Yergason Sign is a functional test of the long head of the biceps tendon disorders.
This test may be negative with partial or complete rupture of the supraspinatus tendon.
How it’s Performed?
The patient’s arm is alongside the trunk and flexed 90° at the elbow.
One of the examiner’s hands stabilizes the elbow while the other hand grasps the patient’s forearm as if to shake hands.
The patient is asked to supinate the forearm against the examiner’s resistance. This places isolated tension on the long head of the biceps tendon.
What does a positive Yergason Sign mean?
Pain in the bicipital groove is a sign of a lesion of the biceps tendon, its tendon sheath, or its ligamentous connection via the transverse ligament.
The typical provoked pain can be increased by pressing on the tendon in the bicipital groove.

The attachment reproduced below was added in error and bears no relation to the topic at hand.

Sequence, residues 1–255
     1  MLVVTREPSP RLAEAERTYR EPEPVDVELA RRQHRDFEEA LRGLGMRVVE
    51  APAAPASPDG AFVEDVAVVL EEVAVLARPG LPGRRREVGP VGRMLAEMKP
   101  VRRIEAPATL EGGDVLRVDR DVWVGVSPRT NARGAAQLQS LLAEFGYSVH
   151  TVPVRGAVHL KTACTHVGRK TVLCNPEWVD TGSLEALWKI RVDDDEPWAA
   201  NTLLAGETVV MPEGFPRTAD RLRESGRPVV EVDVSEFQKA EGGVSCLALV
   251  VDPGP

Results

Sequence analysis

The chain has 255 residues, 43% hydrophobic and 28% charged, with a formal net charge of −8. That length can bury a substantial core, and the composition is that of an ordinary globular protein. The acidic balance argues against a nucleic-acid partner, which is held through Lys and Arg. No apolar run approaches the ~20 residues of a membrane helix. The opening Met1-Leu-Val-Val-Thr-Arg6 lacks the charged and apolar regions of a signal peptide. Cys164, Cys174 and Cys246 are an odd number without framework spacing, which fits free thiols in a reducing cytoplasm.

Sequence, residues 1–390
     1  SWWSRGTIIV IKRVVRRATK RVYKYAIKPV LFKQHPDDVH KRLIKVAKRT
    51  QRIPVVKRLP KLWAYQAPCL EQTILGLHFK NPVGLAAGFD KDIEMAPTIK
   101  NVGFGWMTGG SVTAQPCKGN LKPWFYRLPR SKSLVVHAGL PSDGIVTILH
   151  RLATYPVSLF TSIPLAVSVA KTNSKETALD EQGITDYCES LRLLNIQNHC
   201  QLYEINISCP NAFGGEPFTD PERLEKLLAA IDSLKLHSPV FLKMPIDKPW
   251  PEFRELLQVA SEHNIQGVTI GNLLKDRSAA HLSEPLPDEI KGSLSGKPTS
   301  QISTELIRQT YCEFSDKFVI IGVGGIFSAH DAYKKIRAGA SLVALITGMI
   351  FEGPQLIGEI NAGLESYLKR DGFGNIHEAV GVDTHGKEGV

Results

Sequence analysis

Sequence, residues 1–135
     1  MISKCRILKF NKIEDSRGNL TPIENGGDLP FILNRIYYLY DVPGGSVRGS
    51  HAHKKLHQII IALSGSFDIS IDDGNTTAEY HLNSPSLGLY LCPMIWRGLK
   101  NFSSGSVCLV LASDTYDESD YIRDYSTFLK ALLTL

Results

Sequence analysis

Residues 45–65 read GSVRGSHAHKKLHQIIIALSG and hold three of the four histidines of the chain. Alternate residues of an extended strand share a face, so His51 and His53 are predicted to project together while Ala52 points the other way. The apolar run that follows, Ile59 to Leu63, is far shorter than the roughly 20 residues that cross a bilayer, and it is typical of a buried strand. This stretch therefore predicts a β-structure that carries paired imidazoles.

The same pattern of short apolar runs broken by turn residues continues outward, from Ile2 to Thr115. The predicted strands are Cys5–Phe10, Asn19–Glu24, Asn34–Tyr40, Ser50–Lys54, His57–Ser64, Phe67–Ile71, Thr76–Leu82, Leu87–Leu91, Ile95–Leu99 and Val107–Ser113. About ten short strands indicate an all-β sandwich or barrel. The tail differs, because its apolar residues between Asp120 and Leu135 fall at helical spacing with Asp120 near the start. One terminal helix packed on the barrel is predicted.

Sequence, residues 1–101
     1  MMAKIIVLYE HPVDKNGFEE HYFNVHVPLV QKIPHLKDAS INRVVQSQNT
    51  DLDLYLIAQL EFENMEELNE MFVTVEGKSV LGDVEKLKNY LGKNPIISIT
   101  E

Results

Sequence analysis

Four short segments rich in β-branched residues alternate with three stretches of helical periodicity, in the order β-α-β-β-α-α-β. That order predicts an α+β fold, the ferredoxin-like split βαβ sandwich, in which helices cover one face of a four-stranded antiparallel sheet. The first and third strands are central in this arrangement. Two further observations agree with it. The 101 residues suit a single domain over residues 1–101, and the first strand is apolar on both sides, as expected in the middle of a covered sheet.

Sensitivity & Specificity
A Prospective blinded study by Richard Holtby1 to assess the accuracy of the Speed’s and Yergason’s tests in detecting biceps pathology, he found that the sensitivity and specificity of Yergason test was as following:
Biceps brachii Muscle had two heads (Short head and long head)
The Short head originates from the Coracoid process, while the long head originates from Supraglenoid rim of the shoulder.
It inserts onto Radial tuberosity.
Its action includes Supination and flexion of the forearm.
It’s innervated by the Musculocutaneous nerve.
Richard Holtby, Helen Razmjou: Accuracy of the Speed’s and Yergason’s tests in detecting biceps pathology and SLAP lesions: comparison with arthroscopic findings. 2004 Mar;20(3):231-6. doi: 10.1016/j.arthro.2004.01.008. PMID: 15007311.
Campbel’s Operative Orthopaedics 13th Book
Clinical Tests for the Musculoskeletal System 3rd Edition.
Dutton’s Orthopaedic Examination, Evaluation, And Intervention 3rd Edition.